Detects human Fas Ligand/TNFSF6 in direct ELISAs and Western blots. In direct ELISAs, approximately 5% cross-reactivity with recombinant mouse Fas Ligand is observed and less than 1% cross-reactivity with recombinant human (rh) GITR Ligand, rhTNF-alpha, and rhTRAIL is observed.
Polyclonal Goat IgG
Protein A or G purified
Chinese hamster ovary cell line CHO-derived recombinant human Fas Ligand/TNFSF6 Pro134-Leu281 Accession # P48023
Lyophilized from a 0.2 μm filtered solution in PBS with Trehalose.
<0.10 EU per 1 μg of the antibody by the LAL method.
Recombinant Human Fas Ligand/TNFSF6 (Catalog # 126-FL)
Measured by its ability to neutralize Fas Ligand/TNFSF6-induced apoptosis in the Jurkat human acute T cell leukemia cell line. Cifone, M. G. et al. (1994) J. Exp. Med. 180:1547. The Neutralization Dose (ND50) is typically 0.05-0.2 µg/mL in the presence of 2 ng/mL Recombinant Human Fas Ligand/TNFSF6.
Please Note: Optimal dilutions should be determined by each laboratory for each application. General Protocols are available in the Technical Information section on our website.
Apoptosis Induced by Fas Ligand/TNFSF6 and Neutralization by Human Fas Ligand/TNFSF6 Antibody. Recombinant Human Fas Ligand/ TNFSF6 (Catalog # 126-FL) induces apoptosis in the Jurkat human acute T cell leukemia cell line in a dose-dependent manner (orange line). Apoptosis elicited by Recombinant Human Fas Ligand/TNFSF6 (2 ng/mL) is neutralized (green line) by increasing concentrations of Goat Anti-Human Fas Ligand/ TNFSF6 Polyclonal Antibody (Catalog # AB126). The ND50 is typically 0.05‑0.2 µg/mL.
Preparation and Storage
Reconstitute at 1 mg/mL in sterile PBS.
The product is shipped at ambient temperature. Upon receipt, store it immediately at the temperature recommended below.
Stability & Storage
Use a manual defrost freezer and avoid repeated freeze-thaw cycles.
12 months from date of receipt, -20 to -70 °C as supplied.
1 month, 2 to 8 °C under sterile conditions after reconstitution.
6 months, -20 to -70 °C under sterile conditions after reconstitution.
Background: Fas Ligand/TNFSF6
Fas Ligand (FasL), also known as CD178, CD95L, or TNFSF6, is a 40 kDa type II transmembrane member of the TNF superfamily of proteins. Its ability to induce apoptosis in target cells plays an important role in the development, homeostasis, and function of the immune system (1). Mature human Fas Ligand consists of a 179 amino acid (aa) extracellular domain (ECD), a 22 aa transmembrane segment, and a 80 aa cytoplasmic domain (2). Within the ECD, human Fas Ligand shares 81% and 78% aa sequence identity with mouse and rat Fas Ligand, respectively. Both mouse and human Fas Ligand are active on mouse and human cells (2, 3). Fas Ligand is expressed on the cell surface as a nondisulfide-linked homotrimer on activated CD4+ Th1 cells, CD8+ cytotoxic T cells, and NK cells (1). Fas Ligand binding to Fas/CD95 on an adjacent cell triggers apoptosis in the Fas‑expressing cell (2, 4). Fas Ligand also binds DcR3 which is a soluble decoy receptor that interferes with Fas Ligand-induced apoptosis (5). Fas Ligand can be released from the cell surface by metalloproteinases as a 26 kDa soluble molecule which remains trimeric (6, 7). Shed Fas Ligand retains the ability to bind Fas, although its ability to trigger apoptosis is dramatically reduced (6, 7). In the absence of TGF‑ beta, however, Fas Ligand/Fas interactions instead promote neutrophil-mediated inflammatory responses (3, 8). Fas Ligand itself transmits reverse signals that costimulate the proliferation of freshly antigen-stimulated T cells (9). Fas Ligand-induced apoptosis plays a central role in the development of immune tolerance and the maintance of immune privileged sites (10). This function is exploited by tumor cells which evade immune surveillance by upregulating Fas Ligand to kill tumor infiltrating lymphocytes (8, 11). In gld mice, a Fas Ligand point mutation is the cause of severe lymphoproliferation and systemic autoimmunity (12, 13).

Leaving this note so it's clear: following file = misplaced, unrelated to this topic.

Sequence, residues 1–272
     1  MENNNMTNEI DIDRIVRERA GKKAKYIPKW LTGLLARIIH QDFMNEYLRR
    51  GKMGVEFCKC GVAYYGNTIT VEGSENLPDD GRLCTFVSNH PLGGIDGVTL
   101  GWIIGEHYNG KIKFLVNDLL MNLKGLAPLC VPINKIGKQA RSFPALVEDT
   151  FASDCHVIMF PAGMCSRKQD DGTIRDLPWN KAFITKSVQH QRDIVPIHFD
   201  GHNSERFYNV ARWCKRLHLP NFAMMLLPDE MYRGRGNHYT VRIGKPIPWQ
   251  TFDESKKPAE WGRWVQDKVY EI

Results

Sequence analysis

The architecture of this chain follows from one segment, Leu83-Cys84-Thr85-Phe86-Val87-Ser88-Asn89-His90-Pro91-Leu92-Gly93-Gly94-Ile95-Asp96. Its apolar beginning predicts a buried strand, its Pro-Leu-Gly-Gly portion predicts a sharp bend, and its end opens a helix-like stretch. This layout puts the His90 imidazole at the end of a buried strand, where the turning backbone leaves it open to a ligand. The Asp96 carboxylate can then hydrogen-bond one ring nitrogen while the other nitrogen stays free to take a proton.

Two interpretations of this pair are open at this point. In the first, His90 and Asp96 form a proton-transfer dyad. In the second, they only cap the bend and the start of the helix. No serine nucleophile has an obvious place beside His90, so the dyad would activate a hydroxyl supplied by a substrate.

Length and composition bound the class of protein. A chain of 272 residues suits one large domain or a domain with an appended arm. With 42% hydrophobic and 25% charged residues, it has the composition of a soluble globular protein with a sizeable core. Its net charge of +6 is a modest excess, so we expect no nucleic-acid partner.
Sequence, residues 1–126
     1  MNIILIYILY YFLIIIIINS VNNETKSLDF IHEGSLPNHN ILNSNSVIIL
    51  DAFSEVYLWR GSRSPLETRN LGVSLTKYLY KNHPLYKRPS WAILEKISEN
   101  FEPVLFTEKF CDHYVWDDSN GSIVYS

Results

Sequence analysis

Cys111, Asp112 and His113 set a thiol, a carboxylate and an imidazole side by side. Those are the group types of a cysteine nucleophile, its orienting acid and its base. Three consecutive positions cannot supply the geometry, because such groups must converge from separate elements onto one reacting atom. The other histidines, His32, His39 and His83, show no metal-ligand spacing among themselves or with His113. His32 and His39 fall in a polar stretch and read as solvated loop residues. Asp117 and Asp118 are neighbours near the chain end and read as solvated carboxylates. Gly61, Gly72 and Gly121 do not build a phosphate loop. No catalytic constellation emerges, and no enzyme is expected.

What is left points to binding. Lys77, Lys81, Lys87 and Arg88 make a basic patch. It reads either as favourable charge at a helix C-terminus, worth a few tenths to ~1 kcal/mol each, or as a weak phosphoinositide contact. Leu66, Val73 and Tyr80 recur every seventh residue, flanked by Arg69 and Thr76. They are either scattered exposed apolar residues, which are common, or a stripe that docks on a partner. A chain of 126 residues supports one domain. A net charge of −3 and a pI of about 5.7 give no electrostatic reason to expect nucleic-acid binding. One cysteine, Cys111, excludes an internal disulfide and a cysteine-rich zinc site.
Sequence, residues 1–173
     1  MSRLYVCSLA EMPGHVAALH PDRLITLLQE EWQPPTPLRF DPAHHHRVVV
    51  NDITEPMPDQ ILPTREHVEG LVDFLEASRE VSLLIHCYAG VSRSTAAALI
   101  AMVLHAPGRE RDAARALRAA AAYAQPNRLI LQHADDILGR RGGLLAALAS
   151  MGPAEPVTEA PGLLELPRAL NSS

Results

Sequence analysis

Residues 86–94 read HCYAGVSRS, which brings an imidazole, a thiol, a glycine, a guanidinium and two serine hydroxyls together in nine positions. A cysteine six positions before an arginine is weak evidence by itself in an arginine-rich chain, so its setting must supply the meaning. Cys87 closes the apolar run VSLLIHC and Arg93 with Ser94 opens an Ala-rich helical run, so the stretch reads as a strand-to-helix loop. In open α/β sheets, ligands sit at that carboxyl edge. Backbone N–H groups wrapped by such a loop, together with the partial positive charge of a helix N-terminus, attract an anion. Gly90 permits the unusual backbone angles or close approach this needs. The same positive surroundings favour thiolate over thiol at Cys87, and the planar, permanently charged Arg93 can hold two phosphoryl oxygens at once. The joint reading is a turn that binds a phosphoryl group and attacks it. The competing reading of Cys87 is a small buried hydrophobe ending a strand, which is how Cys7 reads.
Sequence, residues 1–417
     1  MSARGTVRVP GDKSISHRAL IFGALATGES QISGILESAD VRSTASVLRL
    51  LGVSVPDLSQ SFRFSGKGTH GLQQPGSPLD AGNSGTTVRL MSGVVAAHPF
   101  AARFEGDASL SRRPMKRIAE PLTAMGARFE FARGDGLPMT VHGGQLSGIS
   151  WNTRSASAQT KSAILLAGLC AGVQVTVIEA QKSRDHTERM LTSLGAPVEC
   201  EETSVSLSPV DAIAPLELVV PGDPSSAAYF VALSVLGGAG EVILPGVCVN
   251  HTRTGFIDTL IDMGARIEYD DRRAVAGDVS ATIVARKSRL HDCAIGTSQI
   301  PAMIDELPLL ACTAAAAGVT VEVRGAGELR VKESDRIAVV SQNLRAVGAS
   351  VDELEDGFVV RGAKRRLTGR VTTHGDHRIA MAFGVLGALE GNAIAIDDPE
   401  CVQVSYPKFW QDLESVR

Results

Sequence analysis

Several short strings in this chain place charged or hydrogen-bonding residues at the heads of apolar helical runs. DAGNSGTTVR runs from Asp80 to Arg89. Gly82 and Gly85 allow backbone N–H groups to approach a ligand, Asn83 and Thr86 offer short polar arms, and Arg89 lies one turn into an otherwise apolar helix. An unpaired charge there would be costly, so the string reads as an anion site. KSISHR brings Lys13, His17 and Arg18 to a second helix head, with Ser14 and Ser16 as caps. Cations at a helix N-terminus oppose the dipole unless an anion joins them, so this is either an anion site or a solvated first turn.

Lettau, M. et al. (2008) Curr. Med. Chem. 15:1684.
Takahashi, T. et al. (1994) Int. Immunol. 6:1567.
Seino, K-I. et al. (1998) J. Immunol. 161:4484.
Suda, T. et al. (1993) Cell 75:1169.
Pitti, R.M. et al. (1998) Nature 396:699.
Schneider, P. et al. (1998) J. Exp. Med. 187:1205.
Tanaka, M. et al. (1998) Nature Med. 4:31.
Chen, J-J. et al. (1998) Science 282:1714.
Suzuki, I. and P.J. Fink (2000) Proc. Natl. Acad. Sci. 97:1707.
Ferguson, T.A. and T.S. Griffith (2006) Immunol. Rev. 213:228.
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